Robert Indiana: Sculpture 1958-2018 at Yorkshire Sculpture Park (UK)
A review of an art exhibition
Robert Indiana, an American artist, sculptor, and social activist, came to the UK with his major solo exhibition for the first time.
Rooted deeply in pop-art, his prints, sculptures, art installations, and paintings represent six decades of the artist’s reimagining of identity, human rights issues, and social justice in America.
Love is God (1964) proclaims one of Indiana’s paintings, giving a new interpretation to one of the most important Biblical doctrines. The word “love” repeated again and again in his pop-art prints and his massive metal outdoor sculptures. Everything, even small details like fonts he chose, the size of the letters, the ways the letters are welded (or pressed) together to create an intricate pattern of shapes and forms, serves one big purpose–to glorify love, to reflect its divinity. Love, Amor in Spanish. The same four letters repeat again and again in cor-ten steel (LOVE Wall, 1966-2006), on canvas or paper in black and white (Black and White LOVE, 1969) and also in blue, red, and white—the colours of the American flag—show us that love comes in all shapes, sizes, and forms and it is like God. It is everywhere around us. We just need to find a way to distinguish and embrace it.
Numbers is another important topic of Indiana’s works. Fascinated by numbers, the artist explores the theme of identity and self-identity in his works like ONE Through ZERO (The Ten Numbers), 1980-2001 and Exploding Numbers, 1964-1966. From a date of birth to a home address, from a phone number to a bank account—we’re surrounded by numbers from birth to death. In the twenty-first century, the digital fortress imprisoned humanity completely. Everything around us can be explained by numbers and formulae. Even poetry, music, and art—the products of pure creativity—are, in fact, just numbers. Rhyming lines of poems, musical notations, the golden ratio in sculpture and architecture… What are they if not the highest, most advanced representation of just ten digits from 0 to 9?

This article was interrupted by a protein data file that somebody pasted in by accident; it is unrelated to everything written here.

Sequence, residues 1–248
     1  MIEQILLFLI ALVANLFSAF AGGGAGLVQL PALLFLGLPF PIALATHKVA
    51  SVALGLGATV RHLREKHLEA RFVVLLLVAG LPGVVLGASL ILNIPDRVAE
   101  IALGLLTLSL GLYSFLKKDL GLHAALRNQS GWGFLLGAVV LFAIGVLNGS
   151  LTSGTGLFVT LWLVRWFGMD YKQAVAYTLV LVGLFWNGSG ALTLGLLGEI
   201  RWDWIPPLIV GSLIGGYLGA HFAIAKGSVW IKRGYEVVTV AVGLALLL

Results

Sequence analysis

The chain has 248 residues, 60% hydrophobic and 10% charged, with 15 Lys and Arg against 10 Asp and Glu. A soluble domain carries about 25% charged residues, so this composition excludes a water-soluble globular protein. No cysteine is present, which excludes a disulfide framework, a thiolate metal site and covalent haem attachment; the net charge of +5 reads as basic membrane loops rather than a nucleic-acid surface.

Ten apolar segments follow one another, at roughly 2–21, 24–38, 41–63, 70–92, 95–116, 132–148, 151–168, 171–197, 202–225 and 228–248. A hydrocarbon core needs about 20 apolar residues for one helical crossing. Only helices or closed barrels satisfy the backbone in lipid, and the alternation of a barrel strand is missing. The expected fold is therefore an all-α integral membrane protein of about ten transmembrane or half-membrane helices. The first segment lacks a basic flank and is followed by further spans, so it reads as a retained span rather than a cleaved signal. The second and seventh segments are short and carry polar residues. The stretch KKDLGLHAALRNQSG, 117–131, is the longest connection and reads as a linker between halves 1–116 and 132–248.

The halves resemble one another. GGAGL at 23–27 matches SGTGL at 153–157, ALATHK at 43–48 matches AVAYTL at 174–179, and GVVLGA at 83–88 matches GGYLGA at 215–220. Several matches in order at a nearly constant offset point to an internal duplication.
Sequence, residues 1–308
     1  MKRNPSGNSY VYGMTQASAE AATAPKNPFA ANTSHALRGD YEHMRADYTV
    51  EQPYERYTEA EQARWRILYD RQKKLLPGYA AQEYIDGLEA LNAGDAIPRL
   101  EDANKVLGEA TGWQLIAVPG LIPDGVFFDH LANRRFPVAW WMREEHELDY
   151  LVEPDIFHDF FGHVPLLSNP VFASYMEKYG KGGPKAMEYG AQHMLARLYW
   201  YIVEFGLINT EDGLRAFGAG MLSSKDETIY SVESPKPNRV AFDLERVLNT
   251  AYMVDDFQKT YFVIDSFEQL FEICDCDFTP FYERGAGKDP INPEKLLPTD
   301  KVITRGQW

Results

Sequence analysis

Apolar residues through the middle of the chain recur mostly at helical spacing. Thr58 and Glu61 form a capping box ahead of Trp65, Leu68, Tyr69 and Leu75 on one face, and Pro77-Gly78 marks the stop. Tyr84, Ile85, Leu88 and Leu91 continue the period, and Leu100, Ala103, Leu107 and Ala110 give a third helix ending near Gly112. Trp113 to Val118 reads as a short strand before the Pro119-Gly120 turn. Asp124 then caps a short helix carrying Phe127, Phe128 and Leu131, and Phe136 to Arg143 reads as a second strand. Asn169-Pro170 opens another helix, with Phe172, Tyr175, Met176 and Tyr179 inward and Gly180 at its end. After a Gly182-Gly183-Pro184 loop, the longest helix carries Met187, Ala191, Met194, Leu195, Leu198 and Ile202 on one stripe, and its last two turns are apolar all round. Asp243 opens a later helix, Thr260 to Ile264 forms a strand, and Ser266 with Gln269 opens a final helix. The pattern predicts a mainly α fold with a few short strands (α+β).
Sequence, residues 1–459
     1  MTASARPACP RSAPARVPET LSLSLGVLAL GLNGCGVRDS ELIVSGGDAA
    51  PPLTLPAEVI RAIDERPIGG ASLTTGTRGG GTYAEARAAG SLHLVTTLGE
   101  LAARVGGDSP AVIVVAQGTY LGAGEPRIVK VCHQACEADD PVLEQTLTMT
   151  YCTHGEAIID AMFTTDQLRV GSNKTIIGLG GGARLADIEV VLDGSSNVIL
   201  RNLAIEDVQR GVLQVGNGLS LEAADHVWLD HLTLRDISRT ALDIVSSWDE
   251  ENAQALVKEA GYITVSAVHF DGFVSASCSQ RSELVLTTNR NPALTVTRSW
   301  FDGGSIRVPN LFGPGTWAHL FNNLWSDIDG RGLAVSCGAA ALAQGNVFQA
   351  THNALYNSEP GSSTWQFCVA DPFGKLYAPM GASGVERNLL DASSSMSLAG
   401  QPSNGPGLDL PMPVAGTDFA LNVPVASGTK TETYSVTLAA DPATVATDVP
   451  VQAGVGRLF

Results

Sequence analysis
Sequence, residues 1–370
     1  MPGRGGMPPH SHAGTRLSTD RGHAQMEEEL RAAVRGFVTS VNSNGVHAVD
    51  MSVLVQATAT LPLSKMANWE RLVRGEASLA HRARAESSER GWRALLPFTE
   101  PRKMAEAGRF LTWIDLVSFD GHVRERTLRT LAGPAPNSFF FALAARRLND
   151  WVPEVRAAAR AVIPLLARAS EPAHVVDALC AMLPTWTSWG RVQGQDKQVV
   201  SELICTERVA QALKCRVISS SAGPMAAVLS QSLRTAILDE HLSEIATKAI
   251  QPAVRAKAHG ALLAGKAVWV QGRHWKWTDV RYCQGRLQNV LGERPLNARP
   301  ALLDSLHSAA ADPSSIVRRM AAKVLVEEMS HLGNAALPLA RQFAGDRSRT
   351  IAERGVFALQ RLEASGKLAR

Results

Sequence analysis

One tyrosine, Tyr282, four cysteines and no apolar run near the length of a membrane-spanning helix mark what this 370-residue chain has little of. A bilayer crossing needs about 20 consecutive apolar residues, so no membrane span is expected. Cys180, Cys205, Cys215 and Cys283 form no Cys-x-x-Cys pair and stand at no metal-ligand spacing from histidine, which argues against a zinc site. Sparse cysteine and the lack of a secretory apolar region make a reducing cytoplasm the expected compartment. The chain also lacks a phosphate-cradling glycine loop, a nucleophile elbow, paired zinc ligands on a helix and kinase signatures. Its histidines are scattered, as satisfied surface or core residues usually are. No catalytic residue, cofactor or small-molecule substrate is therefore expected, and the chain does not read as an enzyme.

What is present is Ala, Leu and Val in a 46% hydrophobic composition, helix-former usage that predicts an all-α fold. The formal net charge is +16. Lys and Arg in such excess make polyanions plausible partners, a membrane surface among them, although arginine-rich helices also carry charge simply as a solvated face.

Indiana used a very similar approach to interpret the American dream. He minimised its greatness to just four short words: eat, hug, die, err (The Electric American Dream, 2007-2018). In our society, swallowed by consumerism and mass media, all we do is just eat (Indiana’s word for “live”), hug (probably to say goodbye to our loved ones), and die. Then… Nothing left of us, just err—the final sigh of despair and disappointment, helpless realisation that all efforts were in vain, and the precious moments of life were wasted. Then, the full cycle starts again as the Wheel of Samsara. In their race to make the great American dream come true, people don’t have time to enjoy life. Andy Warhol manifested it in his Campbell’s soup cans’ prints, Indiana did it using just four words. Maybe the American dream is not a dream at all? Nothing more but a mirage, implanted in people’s psyche by the media?
The artist created totem poles on wheels made of recycled wood, corroded metal, and bulls’ skulls on the top. He tried to root the American dream in the American past, to remind it that cultural archetypes are far more powerful than any mass media. However, even ancient ritual practices can’t save our modern society from the pointless chase of chimeras, created and nurtured by the norms of modern society.
I’m not an American. I’ve never ever been to the United States. But does it mean that here, in Europe we don’t dream big? Or are we immune to the eat-hug-die-err treadmill? I tried to analyse but struggled. One thing became clear to me: the never-ending cycle of eating and dying must be stopped, and the artists, like Robert Indiana can help us.
Exhibition’s official site: https://ysp.org.uk/exhibitions/robert-indiana-sculpture-1958-2018
19th April 2022
VALERIYA SALT is a multi-genre author from the United Kingdom. She studied History and earned her Master’s degree in Art Expertise at St. Petersburg University of Culture and Arts. She’d lived for many years in different corners of Eastern Europe before settling down in the north of England. Apart from creative writing, she has a passion for travels, arts, history, and foreign languages. Her short stories, essays, and reviews have appeared in numerous anthologies and magazines, including The Copperfield Review, Bewildering Stories, The Chamber Magazine, Strange Fiction ‘Zine SF&F, The Pine Cone Review, Tall Tale TV (podcast), etc.